The US Air Force Academy Cadet Chapel, Colorado Springs, Colorado
One of the most distinguishing features of the United States Air Force Academy, Cadet Chapel was completed in 1962 and designated a National Historical Landmark in 2004. Standing 150 feet tall and with 17 striking spires, this multi-faith chapel commands attention. A prime example of modernist architecture, the steel frame of the building is enclosed with aluminum panels and stained glass and includes a Protestant, Catholic, Muslim, Jewish, and Buddhist chapel. Awarded the Twenty Five Year Award by the American Institute of Architects, Cadet Chapel is a beautiful modern-day temple, great for reflection.
UCSD Geisel Library, San Diego, California
Named in honor of children’s author Dr. Seuss (Theodore Geisel), the Geisel Library on the campus of the University of California, San Diego, is a futuristic marvel that first opened to the public in 1970. Standing some 110 feet tall and with eight floors, the melding of concrete supports with reflective glass makes this a fascinating structure. Indeed upon first glance, one may surely say to themselves, “What’s that?” With a print and digital collection of over 7 million items, this library is an indispensable part of the local campus community and those thirsting for knowledge.
Lincoln Memorial, Washington DC
Another memorial dedicated to a former President in the nation’s capital, the Lincoln Memorial, was completed in 1922. Built in the Greek Revival style, this temple that honors America’s 16th President, Abraham Lincoln, is one of Washington’s most famous landmarks. Added to the National Register of Historic Places in 1966, the Memorial sees up to 7 million visitors annually and houses the colossal, seated statue of Abraham Lincoln. Composed of marble and weighing an impressive 170 tons, the statue is a crown jewel on a true treasure of a building and its famously pristine Doric columns.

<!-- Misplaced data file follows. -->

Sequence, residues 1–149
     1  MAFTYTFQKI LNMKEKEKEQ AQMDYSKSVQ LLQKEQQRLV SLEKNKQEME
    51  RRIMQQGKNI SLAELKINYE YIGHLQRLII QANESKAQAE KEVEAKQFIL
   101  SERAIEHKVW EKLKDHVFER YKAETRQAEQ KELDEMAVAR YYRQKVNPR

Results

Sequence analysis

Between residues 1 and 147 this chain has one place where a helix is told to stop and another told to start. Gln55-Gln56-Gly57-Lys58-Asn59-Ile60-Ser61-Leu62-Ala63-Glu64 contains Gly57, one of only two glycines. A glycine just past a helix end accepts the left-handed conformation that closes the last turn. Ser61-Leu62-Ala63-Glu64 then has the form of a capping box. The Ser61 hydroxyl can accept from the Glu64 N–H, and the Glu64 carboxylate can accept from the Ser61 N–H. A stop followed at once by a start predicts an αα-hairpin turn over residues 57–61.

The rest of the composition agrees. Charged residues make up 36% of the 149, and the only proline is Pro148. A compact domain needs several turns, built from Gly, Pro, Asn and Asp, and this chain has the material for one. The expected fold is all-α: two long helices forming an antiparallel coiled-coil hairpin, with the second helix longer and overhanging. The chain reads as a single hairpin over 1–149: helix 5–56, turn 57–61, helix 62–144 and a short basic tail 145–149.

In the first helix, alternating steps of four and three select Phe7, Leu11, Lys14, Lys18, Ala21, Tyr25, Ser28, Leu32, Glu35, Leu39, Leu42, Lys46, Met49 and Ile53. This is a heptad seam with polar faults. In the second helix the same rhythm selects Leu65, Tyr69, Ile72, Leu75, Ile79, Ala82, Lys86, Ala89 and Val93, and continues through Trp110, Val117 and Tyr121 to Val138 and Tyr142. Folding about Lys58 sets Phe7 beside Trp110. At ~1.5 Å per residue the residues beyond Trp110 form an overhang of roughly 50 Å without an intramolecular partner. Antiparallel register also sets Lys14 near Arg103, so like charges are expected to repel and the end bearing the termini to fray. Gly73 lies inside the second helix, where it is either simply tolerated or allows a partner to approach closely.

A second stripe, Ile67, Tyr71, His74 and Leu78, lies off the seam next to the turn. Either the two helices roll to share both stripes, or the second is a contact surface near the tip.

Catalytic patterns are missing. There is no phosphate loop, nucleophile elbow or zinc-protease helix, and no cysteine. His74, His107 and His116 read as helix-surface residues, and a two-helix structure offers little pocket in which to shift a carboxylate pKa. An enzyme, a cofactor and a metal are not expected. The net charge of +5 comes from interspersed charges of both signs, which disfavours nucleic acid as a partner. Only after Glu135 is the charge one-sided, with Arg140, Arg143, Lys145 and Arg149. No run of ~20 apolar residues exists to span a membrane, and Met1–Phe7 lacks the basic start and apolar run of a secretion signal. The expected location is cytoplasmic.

Walt Disney Concert Hall, Los Angeles, California
Designed by world-renowned architect Frank Gehry, this large music auditorium with a capacity of 2,265 people opened to the public in 2003 at the cost of $130 million. Home of the Los Angeles Philharmonic Orchestra, this multipurpose venue boasts a sleek modernist design with instantly recognizable steel plate sidings. A staple of downtown LA, the Walt Disney Concert Hall not only plays host to great music and art but is really a work of art in itself.
Independence Hall, Philadelphia, Pennsylvania
A UNESCO World Heritage Site, this edifice constructed in 1753 is the star attraction of the Independence Hall National Historic Park. During the American Revolutionary War (1775-1783), America’s Founding Fathers (including Benjamin Franklin, Thomas Jefferson, and John Adams) debated, drafted, and adopted two seminal political documents in the building: the Declaration of Independence and the United States Constitution. Often called the “birthplace of America,” this imposing red brick structure and its clock tower brings visitors back in time some 250 years in a most moving historical setting.
Like any nation, the United States is home to major architectural landmarks which continue to inspire all who visit them. From the nation’s capital to its largest city to university campuses, some of America’s most beautiful buildings showcase a great range of styles, eras, and history, as diverse as the country itself.